From the Page to the Stage

TAP’s new play-reading club brings dramatic literature to the fore

Many people haven’t read a play since they skimmed Hamlet in their high school English class, but Jacob Janssen, artistic director at Third Avenue PlayWorks (TAP), thinks more people should. That’s why TAP, in conjunction with the Sturgeon Bay Library, has started a monthly play-reading club. 

“One of our main goals with this is to show folks that there is this great body of dramatic literature that you can engage with and enjoy,” Janssen said.

It’s literature that’s often overlooked because libraries don’t typically carry copies of individual plays, said Laura Kayacan, adult services librarian and the club’s co-facilitator. Collections of plays are more common, but she’s still had to dig for many of the club’s chosen plays, ordering them from other libraries or accessing them online. 

Kayacan finds that it’s worth the extra effort, though, because she’s a theater aficionado herself and knows that play reading will help people better understand the inner workings of the theater companies throughout the peninsula.

“There’s so much theater in Door County, so it seemed like a really good idea,” Kayacan said.

But reading a play isn’t the same as reading a novel, she said. For one, there’s little in the way of description, so it’s sometimes harder for readers to picture what’s going on in the story. 

“Really, plays are not meant to be read; they’re meant to be seen,” Kayacan said. “So I think [reading plays] is a challenge to your brain, and it keeps you sharp.”

It’s often helpful for club members to watch bits of the plays on YouTube – or better yet, see them live, as some did when they read Birds of North America and then saw TAP perform it in October 2022. 

The play follows the relationship between a father and daughter as they spend years birdwatching together. After reading the script, many club members thought of the characters’ conversations as tense and hostile, but seeing them acted onstage brought out a different, more loving dimension to the father-daughter relationship.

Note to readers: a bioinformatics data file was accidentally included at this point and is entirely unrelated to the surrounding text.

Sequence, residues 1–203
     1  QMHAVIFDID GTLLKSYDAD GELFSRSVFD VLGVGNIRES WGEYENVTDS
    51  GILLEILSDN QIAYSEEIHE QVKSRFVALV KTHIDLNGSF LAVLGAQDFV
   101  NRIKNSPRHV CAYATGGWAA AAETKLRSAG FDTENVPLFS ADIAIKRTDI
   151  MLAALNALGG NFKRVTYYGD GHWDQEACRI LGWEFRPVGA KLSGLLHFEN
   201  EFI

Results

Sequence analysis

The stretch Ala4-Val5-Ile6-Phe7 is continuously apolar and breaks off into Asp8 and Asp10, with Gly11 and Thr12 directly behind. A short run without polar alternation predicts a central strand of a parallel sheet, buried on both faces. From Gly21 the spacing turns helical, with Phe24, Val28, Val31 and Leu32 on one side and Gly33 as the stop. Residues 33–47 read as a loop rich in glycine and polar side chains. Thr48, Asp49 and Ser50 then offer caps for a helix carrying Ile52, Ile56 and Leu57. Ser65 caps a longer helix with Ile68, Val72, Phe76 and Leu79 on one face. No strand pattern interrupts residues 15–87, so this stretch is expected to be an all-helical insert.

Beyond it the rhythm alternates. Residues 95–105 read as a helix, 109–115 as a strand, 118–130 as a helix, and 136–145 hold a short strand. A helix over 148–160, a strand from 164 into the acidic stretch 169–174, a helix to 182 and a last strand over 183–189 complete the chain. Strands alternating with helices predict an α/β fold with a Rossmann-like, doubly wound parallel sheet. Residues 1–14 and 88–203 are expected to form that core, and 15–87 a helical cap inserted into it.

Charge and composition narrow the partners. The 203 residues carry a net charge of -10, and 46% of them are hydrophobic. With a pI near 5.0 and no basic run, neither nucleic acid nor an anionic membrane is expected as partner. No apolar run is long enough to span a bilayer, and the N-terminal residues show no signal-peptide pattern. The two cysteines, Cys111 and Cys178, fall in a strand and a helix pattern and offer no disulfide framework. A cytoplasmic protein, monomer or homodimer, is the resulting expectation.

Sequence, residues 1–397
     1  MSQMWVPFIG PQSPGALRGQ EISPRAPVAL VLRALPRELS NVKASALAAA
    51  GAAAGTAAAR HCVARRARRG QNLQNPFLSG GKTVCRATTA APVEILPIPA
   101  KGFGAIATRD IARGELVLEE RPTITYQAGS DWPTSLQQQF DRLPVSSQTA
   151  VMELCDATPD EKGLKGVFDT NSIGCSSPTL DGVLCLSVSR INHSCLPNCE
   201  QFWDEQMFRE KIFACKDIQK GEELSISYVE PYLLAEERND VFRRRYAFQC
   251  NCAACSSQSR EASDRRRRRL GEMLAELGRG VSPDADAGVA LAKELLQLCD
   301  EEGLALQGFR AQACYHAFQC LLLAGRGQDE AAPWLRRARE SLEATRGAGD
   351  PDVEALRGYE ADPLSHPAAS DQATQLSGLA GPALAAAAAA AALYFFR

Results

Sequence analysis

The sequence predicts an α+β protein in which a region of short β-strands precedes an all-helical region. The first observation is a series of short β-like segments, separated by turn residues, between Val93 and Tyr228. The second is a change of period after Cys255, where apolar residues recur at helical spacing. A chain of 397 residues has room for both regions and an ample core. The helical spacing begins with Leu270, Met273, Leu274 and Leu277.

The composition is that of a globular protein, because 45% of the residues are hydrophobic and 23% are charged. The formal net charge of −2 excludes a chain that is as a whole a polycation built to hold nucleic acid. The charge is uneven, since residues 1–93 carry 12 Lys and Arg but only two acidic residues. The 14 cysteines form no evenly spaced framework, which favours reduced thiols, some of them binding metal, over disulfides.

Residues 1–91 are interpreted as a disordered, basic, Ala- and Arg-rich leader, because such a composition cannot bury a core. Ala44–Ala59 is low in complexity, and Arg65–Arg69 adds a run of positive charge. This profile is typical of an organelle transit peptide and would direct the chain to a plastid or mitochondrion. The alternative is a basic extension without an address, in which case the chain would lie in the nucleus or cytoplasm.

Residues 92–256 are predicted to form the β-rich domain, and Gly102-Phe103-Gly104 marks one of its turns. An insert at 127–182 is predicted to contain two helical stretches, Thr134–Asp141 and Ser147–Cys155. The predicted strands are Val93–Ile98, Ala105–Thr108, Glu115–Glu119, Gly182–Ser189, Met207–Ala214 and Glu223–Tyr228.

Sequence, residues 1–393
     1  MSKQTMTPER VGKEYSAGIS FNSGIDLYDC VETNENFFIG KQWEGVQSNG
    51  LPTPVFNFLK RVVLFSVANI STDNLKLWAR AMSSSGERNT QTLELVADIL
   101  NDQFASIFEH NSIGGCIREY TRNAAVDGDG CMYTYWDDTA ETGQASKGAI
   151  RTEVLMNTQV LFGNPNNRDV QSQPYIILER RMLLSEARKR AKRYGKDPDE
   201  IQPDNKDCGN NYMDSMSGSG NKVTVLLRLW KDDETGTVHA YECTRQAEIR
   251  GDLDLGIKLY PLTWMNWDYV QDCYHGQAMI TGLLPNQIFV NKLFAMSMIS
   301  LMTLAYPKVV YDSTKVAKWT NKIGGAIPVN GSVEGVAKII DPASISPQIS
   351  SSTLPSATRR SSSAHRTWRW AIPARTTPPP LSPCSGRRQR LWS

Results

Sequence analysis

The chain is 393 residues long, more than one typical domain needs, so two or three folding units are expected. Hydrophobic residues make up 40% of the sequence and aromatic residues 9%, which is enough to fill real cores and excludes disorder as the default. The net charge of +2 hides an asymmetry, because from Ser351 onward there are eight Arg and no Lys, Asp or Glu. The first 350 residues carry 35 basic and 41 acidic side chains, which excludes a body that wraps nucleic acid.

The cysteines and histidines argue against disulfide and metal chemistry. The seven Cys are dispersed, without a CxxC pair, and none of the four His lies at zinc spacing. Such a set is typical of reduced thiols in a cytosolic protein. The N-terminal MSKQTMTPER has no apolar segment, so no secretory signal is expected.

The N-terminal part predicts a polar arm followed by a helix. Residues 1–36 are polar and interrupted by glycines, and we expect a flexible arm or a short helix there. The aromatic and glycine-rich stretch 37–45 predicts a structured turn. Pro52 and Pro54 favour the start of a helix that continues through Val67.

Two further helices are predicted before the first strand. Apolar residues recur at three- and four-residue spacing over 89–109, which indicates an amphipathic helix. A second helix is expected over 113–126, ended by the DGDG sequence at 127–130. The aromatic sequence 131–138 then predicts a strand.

“We read it before the folks saw it, and they were so surprised by the way the actors delivered a lot of the lines,” Janssen said. 

That’s not uncommon, he said, because the way actors interpret a script is often vastly different from what readers expect.

“The language you see on the page is just the tip of a gigantic emotional iceberg,” Janssen said. “There’s all of this stuff underneath that language that the actor is drawing up, and that’s the actor’s art.”

While reading a play, he said it’s also easy to fixate on practical aspects – What would the set look like? Where would we get that unusual prop? Is the stage big enough for the number of actors in this scene? – and thus overlook the actual story.

For that reason, Janssen encourages new readers to stay neutral and not rush to analyze the play in terms of doability.

“You might be reading a play and going, ‘Man, that’s going to be very challenging to do onstage,’ but then you get to the end and you go, ‘That’s worth all of the work it’s going to take to make this happen,’” Janssen said.

Budget and space constraints mean that many productions aren’t currently possible for TAP to stage, which is another reason to start reading plays, he said. 

“We’re trying to help people understand that there is a big, wide world of plays out there,” he said – beyond the scope of just the plays that can be produced on Door County stages. 

The club is also a creative way to get audiences invested in theater.

“We need to develop an audience of people who want to engage with that sort of work, and that means being excited about dramatic literature,” Janssen said.

The play-reading club meets monthly on the third Wednesday, 3:30 pm, at the Sturgeon Bay Library, 107 S. 4th Ave. The next meeting will be held Feb. 15, but the play of the month has not yet been announced.

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